Its been a long time since I updated this blog: 3 months! The therapy day for the Lelung Dharma Centre was a success and I was booked almost all day, often by other therapists who wanted to experience a bit of what this ‘new’ bodywork treatment was like for themselves. I hope I did it justice since two people who saw me that day came and booked appointments later, albeit one for acupuncture and the other a fellow therapist I talked to and did not actually treat on the day, but getting word around is all good. It was one of those moments when I wished I could have transported myself from 9 months in the future to the present so that I would have had my full diploma’s education and clinical experience to guide me but they seemed to leave quite happy.
I have also had a look around a local clinic centre run by an oesteopath where other therapies such as counselling, bowen and Alexander technique are practiced and they took some cards of mine since they often get asked for acupuncturists but don’t have any in the actual premises (and did not like the smell of the last one they had – one reason I don’t use a lot of moxa). They said if I needed a high street clinic room I could use theirs, which might be handy some time, although I have not yet had any problems with running my practice from my parents house. I hope some cross referrals might come out of it since several people I see might benefit from Alexander as well as acupuncture or massage, or oesteopathy where a manipulation is necessary.
Not content to rest on my college training alone for continued development I have just ordered some instructional books and dvds for three of the main traditional schools of qigong: Muscle-Tendon Change Classic (Yì Jīn Jīng 易筋经), Five Animals (Wu Qin Xi 五禽戲) and Eight Pieces of Brocade (Ba Duan Jin 段锦气功). As well as often wanting to practice some kind of internal martial art myself I believe that many of these exercises are effectively traditional Chinese forms of physiotherapy, gently exercising areas of the body to restore them to health or prevent degeneration in the first place. I have been asked before by clients suffering musculoskeletal problems if I can recommend any exercises to help them and teaching someone an entire tai chi form in the session would be impractical, even if it were within my ability and experience to teach. I usually have to recommend they find a class, or something similar like yoga or pilates. Qigong has the advantage of being small sets of exercises designed for specific purposes identical to what physiotherapy aims to do with its prescribed routines. I still have the intention of going on to study physiotherapy, to understand my practices better from the western point of view and gain the extra registration to allow me to apply my skills in hospital settings more easily but having the Eastern version at my fingertips now can hardly be a bad thing. I hope to have enough understanding of both western and eastern practices that I can mix them up together to provide treatment that addresses both physical and more internal issues at the same time in both kinds of settings, addressing the reductionism of western practices and the unscientific criticisms of eastern medicine at the same time.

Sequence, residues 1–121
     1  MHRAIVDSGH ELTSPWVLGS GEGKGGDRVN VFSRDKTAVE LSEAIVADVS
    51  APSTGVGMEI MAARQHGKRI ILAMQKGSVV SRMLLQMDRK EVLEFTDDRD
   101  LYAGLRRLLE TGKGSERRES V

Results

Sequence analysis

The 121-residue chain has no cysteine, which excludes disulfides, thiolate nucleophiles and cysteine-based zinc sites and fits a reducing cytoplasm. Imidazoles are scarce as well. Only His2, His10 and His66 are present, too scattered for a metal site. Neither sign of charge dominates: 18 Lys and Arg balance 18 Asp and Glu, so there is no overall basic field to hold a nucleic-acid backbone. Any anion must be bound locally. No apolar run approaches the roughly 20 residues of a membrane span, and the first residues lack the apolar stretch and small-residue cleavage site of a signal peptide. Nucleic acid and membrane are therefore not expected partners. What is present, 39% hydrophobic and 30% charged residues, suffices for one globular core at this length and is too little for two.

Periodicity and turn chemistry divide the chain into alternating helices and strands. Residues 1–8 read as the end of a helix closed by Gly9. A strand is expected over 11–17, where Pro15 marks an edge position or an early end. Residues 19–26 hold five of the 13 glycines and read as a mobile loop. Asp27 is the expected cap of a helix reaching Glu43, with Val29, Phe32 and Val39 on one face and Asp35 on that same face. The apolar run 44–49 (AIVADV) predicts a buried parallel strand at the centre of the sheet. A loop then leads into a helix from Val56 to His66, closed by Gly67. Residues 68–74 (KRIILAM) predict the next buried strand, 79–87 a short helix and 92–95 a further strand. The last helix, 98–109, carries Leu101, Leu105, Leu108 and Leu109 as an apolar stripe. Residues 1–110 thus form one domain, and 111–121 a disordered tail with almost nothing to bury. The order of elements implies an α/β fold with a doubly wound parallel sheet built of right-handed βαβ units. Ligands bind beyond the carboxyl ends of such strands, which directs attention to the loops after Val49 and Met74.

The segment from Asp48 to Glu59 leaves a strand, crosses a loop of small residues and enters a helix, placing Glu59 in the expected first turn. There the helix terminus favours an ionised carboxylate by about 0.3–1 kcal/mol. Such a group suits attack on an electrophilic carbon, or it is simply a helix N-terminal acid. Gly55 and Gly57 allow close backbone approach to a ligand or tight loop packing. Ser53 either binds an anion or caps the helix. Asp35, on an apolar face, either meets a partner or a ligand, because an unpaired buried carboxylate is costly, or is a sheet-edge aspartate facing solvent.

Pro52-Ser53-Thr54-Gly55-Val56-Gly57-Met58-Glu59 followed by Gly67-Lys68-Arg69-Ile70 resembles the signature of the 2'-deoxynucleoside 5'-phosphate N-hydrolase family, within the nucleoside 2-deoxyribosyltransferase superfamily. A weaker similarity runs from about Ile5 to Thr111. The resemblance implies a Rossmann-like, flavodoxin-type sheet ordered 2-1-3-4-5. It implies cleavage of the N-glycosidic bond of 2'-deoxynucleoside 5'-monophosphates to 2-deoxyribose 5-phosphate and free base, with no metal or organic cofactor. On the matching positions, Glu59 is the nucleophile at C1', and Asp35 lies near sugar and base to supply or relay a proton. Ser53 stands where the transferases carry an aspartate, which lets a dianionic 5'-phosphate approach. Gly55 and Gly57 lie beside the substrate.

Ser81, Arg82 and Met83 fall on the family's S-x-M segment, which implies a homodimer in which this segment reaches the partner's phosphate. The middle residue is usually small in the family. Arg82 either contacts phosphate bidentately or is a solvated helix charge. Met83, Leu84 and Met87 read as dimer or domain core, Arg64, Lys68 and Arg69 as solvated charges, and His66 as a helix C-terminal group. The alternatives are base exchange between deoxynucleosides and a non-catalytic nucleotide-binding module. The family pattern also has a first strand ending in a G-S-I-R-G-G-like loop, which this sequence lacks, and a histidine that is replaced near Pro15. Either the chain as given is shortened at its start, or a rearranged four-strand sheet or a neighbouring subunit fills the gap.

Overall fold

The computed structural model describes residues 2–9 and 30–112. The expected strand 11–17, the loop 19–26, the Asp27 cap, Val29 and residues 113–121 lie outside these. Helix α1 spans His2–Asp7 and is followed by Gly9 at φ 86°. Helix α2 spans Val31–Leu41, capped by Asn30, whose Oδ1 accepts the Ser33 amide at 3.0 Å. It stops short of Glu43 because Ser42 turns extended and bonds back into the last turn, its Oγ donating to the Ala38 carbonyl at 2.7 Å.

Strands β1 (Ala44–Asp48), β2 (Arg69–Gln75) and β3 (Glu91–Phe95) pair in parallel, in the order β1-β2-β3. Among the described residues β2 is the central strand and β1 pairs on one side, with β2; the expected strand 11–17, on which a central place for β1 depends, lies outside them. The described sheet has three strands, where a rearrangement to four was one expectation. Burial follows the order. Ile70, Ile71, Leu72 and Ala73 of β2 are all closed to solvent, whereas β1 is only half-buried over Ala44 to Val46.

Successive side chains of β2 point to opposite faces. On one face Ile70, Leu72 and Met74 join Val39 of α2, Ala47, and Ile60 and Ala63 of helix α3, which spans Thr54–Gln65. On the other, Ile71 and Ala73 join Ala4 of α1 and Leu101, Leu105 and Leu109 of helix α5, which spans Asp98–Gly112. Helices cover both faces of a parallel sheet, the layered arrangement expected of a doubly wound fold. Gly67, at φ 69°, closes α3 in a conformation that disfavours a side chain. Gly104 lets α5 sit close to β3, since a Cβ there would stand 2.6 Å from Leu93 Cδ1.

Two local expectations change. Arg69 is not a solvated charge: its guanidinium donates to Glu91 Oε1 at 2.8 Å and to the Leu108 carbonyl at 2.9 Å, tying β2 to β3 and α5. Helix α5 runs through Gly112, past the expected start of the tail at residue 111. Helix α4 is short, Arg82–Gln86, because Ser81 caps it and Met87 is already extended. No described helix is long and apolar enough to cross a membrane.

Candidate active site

And then perhaps be one step closer to my dream: to study traditional physical medical practices from other cultures and write about their potential benefits for western audiences, hopefully going full circle back to my old university degree in an academic post as a medical anthropologist.